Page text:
The elections took place on July 27th, and were relatively peaceful. The campaigns leading up to the big day, however, were crazy! Trucks of people cruised up and down the streets, blaring campaign songs and speeches, waving flags, and stopping traffic. Many of these people are volunteers for the party, but sometimes they are paid to campaign (around $2.50 per day for some parties). Plus, they got a free t-shirt and a hat. I nearly signed up (no, not really). By the day of the election, despite careful monitoring by lots of foreign agencies, there were still problems. Many people's names were spelled incorrectly on the voting register, or someone had already voted in their place. In the end, it seems that Hun Sen and his CPP comrades have won again, garnering about 90% of the vote. It must be nice to be unbeatable.


Cambodians are not exceptionally fond of their nearest neighbors for lots of reasons-- land stealing, hostile takeover, and historical border disputes, to name a few-- but recently things have gotten pretty interesting in our little corner of the world. Not to worry, I am miles from any "conflict zones," but circulating amongst the Cambodians are rumors of impending war and poisoned fruit (seriously. Cambodians are notorious gossips, and there is a tale going around that fruit from Thailand--and possibly Vietnam-- is poisoned). The issue is this: an ancient temple (called Preah Vihear Temple) was the site of a border dispute. The land was given to Cambodia (reluctantly, on the part of the Thais), and then the temple was named a UNESCO World Heritage site, making it a tourist destination, and fairly economically valuable.

The Thai people weren't happy, Cambodian riot police were sent to protect the temple, Thai soldiers went to face off, and Cambodian troops were dispatched. At one point, a few Thai soldiers crossed the border, and this resulted in their capture. Since then, soldiers have been stationed at the border, smoking cigarettes, playing cards, and waiting for peace to be brokered. Recently, a second temple (Ta Moan Thom) has been the site of conflict, but it seems to be easing. Some have said the land borders are closed, but I'm not entirely sure. Things seem to be de-escalating, and some have suggested that the conflict was really due mainly to provoking strong nationalist sentiment on the eve of the election (a good threat; one CPP slogan was, "A vote for CPP is a vote for peace"-- which could be indicative of impeding war, or prevailing peace as a result of the voting). Either way, the tension doesn't help the ever-present anti-Thai sentiment, and also isn't a huge help to Cambodia's burgeoning economy.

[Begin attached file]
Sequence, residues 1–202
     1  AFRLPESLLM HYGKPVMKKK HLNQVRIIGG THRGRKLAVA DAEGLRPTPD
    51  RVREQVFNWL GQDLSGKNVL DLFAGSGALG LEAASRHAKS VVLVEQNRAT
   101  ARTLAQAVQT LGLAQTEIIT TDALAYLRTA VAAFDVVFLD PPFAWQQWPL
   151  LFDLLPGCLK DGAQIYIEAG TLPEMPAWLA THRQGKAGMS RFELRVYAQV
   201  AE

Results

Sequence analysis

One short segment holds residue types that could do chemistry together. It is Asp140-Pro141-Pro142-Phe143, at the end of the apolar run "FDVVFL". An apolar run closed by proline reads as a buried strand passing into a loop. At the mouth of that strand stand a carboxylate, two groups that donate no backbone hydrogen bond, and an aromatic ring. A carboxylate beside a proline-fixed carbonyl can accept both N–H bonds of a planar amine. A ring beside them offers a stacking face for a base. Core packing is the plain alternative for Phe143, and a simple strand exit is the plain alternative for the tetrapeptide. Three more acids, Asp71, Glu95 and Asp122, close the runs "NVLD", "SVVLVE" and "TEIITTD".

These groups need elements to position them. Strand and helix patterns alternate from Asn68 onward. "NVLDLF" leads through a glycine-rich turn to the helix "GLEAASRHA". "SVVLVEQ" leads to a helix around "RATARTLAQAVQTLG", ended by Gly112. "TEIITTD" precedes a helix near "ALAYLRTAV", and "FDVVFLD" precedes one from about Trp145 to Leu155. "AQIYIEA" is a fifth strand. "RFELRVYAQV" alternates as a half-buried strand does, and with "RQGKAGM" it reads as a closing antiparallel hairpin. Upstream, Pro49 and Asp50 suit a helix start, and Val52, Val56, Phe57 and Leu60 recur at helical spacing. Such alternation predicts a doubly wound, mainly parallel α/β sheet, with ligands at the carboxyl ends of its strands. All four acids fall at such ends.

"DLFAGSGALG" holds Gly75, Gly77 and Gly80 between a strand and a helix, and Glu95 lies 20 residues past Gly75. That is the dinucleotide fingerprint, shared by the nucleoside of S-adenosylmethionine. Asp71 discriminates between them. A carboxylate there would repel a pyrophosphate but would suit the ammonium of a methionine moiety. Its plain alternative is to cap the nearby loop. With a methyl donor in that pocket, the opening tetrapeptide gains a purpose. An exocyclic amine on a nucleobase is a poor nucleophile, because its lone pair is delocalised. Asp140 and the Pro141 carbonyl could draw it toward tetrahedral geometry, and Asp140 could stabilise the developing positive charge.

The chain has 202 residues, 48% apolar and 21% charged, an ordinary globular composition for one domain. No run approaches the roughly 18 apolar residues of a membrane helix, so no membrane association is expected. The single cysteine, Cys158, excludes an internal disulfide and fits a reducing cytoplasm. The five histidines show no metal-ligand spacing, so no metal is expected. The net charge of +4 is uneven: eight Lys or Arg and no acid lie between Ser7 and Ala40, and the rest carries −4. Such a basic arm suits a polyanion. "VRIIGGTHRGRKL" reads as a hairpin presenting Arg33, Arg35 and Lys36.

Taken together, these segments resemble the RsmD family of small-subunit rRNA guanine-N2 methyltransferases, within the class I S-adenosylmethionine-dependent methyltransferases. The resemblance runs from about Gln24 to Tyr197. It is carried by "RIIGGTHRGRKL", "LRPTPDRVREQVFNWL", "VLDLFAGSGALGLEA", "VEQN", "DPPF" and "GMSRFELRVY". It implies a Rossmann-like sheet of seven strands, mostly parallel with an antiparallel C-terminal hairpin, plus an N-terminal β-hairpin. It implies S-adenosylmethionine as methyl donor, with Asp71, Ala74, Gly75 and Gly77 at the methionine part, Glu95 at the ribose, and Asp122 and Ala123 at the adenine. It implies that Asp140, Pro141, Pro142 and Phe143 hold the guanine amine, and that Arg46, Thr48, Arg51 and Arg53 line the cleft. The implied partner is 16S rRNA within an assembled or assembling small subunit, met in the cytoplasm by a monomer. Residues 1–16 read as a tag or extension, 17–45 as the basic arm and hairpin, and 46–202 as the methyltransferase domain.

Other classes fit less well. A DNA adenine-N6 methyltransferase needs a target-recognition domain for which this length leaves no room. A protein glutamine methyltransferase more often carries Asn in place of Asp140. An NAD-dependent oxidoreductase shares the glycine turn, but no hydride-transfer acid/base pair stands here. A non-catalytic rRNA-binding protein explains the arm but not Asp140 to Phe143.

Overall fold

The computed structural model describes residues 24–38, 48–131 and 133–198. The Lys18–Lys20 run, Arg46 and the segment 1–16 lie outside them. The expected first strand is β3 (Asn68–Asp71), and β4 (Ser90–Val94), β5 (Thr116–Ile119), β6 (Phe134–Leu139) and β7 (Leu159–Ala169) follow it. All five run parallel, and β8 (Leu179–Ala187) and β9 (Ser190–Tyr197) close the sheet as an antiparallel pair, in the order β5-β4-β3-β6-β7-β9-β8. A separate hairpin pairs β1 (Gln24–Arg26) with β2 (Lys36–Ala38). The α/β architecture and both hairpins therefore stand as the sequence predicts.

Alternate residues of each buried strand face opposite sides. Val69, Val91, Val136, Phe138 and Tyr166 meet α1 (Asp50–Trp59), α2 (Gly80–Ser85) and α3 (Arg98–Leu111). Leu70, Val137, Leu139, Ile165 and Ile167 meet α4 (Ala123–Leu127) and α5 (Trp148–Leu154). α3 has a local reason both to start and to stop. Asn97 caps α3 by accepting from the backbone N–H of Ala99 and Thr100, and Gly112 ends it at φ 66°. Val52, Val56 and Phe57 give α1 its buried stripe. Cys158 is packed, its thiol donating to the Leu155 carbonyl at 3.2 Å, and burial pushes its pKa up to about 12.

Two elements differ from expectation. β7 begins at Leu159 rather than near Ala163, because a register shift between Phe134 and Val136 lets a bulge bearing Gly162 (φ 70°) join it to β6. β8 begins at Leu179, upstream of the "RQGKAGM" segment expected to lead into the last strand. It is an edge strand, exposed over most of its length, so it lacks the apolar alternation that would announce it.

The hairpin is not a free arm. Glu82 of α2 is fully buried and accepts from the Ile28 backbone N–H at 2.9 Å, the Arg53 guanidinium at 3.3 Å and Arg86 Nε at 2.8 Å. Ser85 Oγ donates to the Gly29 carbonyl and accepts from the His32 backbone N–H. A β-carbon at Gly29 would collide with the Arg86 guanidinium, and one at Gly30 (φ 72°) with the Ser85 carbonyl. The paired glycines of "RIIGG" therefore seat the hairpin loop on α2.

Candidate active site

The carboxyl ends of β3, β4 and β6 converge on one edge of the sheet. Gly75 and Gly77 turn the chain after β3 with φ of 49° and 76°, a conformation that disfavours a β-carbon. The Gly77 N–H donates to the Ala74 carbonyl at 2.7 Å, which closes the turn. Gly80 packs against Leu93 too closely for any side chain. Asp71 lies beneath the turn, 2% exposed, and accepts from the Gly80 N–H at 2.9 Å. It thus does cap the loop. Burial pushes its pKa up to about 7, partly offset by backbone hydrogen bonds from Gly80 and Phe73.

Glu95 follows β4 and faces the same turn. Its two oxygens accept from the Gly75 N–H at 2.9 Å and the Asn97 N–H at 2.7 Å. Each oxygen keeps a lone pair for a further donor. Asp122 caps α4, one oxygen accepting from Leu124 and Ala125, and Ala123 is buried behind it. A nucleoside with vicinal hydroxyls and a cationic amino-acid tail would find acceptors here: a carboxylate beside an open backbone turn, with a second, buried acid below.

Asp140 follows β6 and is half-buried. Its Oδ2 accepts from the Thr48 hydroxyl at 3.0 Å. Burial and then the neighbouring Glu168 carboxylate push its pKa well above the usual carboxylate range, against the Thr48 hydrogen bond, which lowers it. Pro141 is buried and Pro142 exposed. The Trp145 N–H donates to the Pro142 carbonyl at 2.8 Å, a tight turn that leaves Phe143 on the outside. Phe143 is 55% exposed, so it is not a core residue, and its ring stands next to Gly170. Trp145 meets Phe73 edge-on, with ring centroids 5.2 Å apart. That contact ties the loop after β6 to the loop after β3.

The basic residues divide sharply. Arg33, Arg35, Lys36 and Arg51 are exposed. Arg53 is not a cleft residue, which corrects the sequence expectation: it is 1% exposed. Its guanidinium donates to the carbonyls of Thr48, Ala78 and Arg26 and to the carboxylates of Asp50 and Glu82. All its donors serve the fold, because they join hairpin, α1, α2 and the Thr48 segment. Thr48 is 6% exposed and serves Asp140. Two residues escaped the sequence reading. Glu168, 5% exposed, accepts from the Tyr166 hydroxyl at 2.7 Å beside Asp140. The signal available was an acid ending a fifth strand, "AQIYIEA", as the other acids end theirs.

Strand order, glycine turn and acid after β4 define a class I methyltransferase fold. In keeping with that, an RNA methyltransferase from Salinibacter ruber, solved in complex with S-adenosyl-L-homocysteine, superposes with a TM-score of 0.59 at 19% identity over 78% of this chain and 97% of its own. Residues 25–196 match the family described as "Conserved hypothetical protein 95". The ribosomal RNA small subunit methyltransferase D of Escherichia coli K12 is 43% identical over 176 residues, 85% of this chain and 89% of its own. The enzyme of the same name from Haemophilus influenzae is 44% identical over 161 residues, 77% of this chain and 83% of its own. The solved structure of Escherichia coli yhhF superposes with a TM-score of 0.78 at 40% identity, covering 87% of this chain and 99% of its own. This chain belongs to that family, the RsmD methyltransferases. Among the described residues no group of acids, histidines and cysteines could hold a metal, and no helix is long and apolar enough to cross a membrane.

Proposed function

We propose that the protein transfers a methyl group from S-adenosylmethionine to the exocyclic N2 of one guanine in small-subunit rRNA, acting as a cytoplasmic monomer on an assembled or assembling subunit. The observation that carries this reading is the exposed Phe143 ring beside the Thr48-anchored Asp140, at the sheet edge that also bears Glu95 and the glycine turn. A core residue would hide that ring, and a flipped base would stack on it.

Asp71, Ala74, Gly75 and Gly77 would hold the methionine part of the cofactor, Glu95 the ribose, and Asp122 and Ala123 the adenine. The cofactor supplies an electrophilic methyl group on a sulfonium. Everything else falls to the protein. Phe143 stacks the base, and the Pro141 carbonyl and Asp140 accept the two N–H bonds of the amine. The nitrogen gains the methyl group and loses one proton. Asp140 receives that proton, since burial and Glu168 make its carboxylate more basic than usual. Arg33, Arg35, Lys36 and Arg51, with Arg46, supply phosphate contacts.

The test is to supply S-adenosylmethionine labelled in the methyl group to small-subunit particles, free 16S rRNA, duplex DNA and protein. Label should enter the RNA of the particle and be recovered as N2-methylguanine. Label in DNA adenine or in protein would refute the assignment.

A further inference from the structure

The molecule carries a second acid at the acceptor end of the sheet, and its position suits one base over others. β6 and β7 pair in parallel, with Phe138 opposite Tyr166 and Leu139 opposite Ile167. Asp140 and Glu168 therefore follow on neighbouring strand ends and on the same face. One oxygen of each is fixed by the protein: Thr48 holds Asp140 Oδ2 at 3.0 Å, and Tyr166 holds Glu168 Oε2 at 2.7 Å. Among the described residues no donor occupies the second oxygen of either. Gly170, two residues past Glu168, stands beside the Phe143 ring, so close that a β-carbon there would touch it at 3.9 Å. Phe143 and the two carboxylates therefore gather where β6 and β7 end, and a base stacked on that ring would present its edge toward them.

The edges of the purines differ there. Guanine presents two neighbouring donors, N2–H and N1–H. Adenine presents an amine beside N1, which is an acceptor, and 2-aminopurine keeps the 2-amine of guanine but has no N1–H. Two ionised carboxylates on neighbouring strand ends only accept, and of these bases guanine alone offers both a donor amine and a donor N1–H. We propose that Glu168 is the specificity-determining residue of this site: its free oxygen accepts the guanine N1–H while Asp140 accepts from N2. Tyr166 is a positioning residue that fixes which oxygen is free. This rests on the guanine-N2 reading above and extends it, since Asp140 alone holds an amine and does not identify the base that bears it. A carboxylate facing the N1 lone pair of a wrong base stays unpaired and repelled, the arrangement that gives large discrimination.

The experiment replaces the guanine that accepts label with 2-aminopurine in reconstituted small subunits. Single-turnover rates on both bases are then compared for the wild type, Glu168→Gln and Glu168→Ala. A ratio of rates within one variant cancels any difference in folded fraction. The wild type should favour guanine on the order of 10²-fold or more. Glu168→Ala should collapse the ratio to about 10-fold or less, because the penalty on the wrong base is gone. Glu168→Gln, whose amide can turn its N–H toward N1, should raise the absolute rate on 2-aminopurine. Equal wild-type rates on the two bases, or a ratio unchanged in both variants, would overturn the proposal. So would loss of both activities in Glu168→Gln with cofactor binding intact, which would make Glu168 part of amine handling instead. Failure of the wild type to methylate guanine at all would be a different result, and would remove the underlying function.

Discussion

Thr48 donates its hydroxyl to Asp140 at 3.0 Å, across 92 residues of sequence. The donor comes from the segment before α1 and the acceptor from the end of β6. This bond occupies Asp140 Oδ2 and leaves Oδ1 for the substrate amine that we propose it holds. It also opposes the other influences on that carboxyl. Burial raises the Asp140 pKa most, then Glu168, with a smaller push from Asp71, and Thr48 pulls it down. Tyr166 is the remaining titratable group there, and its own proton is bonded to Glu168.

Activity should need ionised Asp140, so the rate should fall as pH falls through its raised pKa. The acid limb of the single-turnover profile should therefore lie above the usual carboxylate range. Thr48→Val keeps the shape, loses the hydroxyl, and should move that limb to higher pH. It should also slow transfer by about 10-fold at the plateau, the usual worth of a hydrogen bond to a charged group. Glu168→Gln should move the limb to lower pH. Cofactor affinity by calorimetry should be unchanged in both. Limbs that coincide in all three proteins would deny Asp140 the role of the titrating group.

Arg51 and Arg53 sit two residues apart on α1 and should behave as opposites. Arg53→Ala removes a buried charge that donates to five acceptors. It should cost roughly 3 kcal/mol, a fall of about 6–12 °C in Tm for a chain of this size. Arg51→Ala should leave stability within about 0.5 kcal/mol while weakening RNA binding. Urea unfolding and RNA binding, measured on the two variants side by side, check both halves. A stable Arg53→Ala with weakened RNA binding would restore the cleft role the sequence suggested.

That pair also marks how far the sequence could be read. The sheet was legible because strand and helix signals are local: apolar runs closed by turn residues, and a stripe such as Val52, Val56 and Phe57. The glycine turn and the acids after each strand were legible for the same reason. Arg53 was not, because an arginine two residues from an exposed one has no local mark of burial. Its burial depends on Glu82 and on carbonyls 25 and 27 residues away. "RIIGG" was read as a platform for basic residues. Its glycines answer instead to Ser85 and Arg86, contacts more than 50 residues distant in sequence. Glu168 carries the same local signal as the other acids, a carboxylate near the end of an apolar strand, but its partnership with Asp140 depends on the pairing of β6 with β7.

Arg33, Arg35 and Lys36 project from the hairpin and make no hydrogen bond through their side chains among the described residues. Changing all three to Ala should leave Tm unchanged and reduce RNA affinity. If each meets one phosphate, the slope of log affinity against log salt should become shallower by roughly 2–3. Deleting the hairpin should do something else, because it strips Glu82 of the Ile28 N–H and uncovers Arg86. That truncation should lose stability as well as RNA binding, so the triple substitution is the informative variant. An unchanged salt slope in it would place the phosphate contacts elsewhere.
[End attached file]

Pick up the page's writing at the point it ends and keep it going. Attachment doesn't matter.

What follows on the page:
As an outsider watching these things, it's hard to know what to suggest. War over a temple certainly seems funny, in fact war at all doesn't make a lot of sense to me (call me anti-American, but I'm not a huge fan of widespread violence). There's nationalist pride to consider, land ownership issues, economic benefits, and let's not forget political posturing. In the case of the elections, there's lots to be said for freedom and fairness, and also for stability and a climate open to the work of NGOs (as in, work I help with on a daily basis). The biggest problem I have is that I can't understand some of these things. I grew up during a time of peace, in a place where we believe (typically) in the fairness of our voting process. A history of war and genocide, unfamiliarity with a democratic system, and a lack of education that leave me susceptible to propaganda and flimsy arguments are not my back story. So I've been sitting on the sidelines, wondering what to think, watching and waiting, and trying to understand. At the end of the day, think what Cambodia has truly gained is an international audience. Hopefully, now that people know more about this place, they will pay more attention to what's going on--and cry out against things like senseless war and injustice. Perhaps that is the secret to helping things change.